I went on to investigate the pervasive criminal activities that led to the collapse for a new film and companion book.
Three years later, while this issue has been touched on, it is still largely ignored in most of our media with few bankers and financial manipulators being prosecuted for the shady deals that sank the economy.
The consensus among those involved is the collapse was the result of a series of "mistakes."
And yet, the Wall Street Journal just reported that "Gangsters, drug dealers and money launderers appear to be playing their part in helping shore up the financial stability of the euro zone."
How? By using high-denominated notes.
Admits the chief economist at Citigroup, these high-value bills are "making the euro the currency of choice for underground and black economies, and for all those who value anonymity in their financial transactions and investments."
How blatant is this? How pervasive?
Few today want to go back to that summer, just three years ago, when the financial spill began with a gusher of anxiety that led to the bailouts that so many hate now but supported then.
Fortune Magazine wrote at the time, "Wall Street loves to talk about letting financial markets weed out the weak. But when the Street itself gets in trouble, it sticks out its little tin cup, asking for help. And gets it."
At the time, a reader wrote prophetically to the Wall Street Journal, criticizing its tendency "to emphasize the positive," warning:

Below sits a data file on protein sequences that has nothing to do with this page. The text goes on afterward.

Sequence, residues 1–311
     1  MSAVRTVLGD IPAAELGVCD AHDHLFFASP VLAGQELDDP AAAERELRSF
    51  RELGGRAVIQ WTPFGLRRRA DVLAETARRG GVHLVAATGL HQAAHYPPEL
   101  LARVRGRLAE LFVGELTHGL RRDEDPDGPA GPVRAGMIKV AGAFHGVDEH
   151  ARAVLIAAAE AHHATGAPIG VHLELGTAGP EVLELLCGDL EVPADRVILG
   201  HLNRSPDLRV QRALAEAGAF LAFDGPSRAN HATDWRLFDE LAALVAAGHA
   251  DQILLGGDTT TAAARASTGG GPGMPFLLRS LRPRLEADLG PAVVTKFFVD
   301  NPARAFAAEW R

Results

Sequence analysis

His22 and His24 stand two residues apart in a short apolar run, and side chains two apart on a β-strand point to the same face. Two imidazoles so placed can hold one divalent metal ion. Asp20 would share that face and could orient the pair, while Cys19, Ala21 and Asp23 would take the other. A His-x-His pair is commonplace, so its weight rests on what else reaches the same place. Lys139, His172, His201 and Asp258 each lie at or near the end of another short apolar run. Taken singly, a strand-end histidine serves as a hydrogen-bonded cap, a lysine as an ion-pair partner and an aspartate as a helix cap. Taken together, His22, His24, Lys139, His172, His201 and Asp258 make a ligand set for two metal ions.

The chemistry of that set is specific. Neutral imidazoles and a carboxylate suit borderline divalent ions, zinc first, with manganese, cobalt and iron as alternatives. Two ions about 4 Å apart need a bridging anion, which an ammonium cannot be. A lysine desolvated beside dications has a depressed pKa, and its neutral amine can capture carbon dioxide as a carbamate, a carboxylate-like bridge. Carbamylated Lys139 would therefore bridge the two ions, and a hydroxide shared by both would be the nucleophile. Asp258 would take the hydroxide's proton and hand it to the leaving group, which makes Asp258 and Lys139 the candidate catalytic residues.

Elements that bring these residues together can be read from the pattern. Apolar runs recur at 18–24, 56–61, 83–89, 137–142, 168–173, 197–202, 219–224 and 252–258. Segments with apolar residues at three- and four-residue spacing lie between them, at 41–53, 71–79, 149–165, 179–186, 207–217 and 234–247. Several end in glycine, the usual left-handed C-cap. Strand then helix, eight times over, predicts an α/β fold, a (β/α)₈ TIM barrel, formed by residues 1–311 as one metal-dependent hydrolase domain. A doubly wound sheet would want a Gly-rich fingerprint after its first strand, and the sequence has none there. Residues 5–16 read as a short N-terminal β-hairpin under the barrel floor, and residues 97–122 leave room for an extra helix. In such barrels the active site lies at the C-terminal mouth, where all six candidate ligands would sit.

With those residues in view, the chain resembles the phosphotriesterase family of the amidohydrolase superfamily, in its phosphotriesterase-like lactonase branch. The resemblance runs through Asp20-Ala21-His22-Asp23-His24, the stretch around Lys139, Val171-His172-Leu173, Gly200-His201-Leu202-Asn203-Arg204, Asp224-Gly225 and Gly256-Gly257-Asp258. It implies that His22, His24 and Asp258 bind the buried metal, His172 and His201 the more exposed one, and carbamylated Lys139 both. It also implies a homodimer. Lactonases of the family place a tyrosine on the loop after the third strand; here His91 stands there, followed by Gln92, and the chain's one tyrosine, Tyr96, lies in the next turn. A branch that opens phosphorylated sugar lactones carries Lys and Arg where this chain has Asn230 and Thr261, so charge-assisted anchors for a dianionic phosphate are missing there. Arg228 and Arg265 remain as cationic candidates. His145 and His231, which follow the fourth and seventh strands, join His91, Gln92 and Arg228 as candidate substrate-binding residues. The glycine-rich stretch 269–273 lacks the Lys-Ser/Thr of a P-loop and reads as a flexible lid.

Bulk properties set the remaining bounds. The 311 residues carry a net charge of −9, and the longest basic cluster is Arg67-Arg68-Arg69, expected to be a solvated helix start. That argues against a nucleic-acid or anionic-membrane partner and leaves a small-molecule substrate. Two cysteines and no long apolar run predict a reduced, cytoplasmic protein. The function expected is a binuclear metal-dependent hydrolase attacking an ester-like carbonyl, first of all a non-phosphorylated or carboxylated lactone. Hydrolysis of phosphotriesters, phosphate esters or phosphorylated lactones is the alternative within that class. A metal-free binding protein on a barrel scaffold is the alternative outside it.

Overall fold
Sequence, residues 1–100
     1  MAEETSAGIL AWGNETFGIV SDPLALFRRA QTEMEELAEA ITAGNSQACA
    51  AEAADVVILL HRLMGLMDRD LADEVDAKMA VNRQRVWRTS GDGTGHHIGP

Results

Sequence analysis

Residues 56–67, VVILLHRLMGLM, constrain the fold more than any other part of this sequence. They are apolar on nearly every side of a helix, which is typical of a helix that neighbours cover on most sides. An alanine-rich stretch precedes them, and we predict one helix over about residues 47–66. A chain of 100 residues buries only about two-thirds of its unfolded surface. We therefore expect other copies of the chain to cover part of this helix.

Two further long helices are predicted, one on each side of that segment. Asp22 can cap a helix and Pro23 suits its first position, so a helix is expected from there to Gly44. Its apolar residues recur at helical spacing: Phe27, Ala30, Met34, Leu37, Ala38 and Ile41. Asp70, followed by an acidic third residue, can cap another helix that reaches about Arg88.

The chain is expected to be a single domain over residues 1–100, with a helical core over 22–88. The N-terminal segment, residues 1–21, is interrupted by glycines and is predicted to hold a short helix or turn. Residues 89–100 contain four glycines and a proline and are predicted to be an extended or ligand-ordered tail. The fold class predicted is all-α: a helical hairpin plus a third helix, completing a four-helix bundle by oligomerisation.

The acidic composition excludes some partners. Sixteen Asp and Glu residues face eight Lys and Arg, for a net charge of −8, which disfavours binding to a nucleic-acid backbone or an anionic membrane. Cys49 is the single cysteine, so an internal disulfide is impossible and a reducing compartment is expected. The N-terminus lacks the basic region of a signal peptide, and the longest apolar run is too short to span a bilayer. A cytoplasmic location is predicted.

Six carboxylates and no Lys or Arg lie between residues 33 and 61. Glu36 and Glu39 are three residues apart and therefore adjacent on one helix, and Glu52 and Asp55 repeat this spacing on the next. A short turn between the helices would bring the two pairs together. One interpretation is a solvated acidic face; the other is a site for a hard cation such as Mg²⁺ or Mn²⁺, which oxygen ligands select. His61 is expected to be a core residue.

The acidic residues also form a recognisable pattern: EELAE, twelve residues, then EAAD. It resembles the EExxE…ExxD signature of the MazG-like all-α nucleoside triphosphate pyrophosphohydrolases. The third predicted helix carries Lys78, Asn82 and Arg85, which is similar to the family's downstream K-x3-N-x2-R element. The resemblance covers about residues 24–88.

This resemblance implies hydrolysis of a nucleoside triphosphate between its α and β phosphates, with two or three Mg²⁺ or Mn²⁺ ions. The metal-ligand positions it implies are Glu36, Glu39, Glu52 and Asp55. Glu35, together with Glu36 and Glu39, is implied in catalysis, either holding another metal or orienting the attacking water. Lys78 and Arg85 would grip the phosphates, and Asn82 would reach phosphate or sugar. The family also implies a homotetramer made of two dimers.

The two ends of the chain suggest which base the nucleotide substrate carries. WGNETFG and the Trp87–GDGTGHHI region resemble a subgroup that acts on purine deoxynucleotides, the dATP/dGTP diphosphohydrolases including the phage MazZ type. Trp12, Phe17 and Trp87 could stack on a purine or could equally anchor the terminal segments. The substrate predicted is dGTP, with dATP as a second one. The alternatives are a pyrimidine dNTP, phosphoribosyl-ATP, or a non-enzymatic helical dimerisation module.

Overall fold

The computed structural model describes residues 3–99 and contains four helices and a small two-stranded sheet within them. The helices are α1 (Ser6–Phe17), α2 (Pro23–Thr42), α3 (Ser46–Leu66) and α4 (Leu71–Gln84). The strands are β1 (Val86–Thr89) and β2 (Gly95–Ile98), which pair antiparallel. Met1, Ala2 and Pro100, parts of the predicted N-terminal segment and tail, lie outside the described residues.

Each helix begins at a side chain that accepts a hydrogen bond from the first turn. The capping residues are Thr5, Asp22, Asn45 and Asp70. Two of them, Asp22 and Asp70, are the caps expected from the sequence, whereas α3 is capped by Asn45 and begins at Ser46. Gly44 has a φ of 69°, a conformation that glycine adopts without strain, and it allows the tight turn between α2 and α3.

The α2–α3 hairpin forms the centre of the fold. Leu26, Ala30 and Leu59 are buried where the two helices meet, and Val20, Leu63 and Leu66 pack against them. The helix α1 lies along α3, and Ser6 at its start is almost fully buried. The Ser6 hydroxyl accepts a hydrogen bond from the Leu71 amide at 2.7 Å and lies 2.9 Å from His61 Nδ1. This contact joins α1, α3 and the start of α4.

"Things will get worse before they get better." This is a house of cards that our leaders are trying to segment. It isn't a sub prime problem, it isn't a foreclosure problem, it isn't a mortgage problem, a bond-market problem, a hedge fund problem, or a bank problem. "This is a full systematic collapse of our economy"
"The problems are masked and hidden throughout every layer of our economy"being too slow to react will only compound this problem as it builds momentum "We have no idea how bad this is really going to get."
Three years later, we still don't.The recovery has not recovered. All is "stalled" to use the phrase du jour.
The growth curve is flat. Long-term joblessness stalks the land and rising as are bankruptcies while foreclosures multiply. College debt is off the charts. Consumer confidence is down while the trade deficit is up. (President Obama is desperately boosting sales of U.S. weapons overseas.)
The housing outlook is miserable. Fed-head Ben Bernanke is moving from rational explanations to talking about "economic mysteries." Sounds mystical. The Financial Times says "drivel" is spreading in the world of finance.
In some ways the financial crisis is like the BP oil spill. Suddenly all the oil has disappeared -- thanks to the abuse of dispersants.
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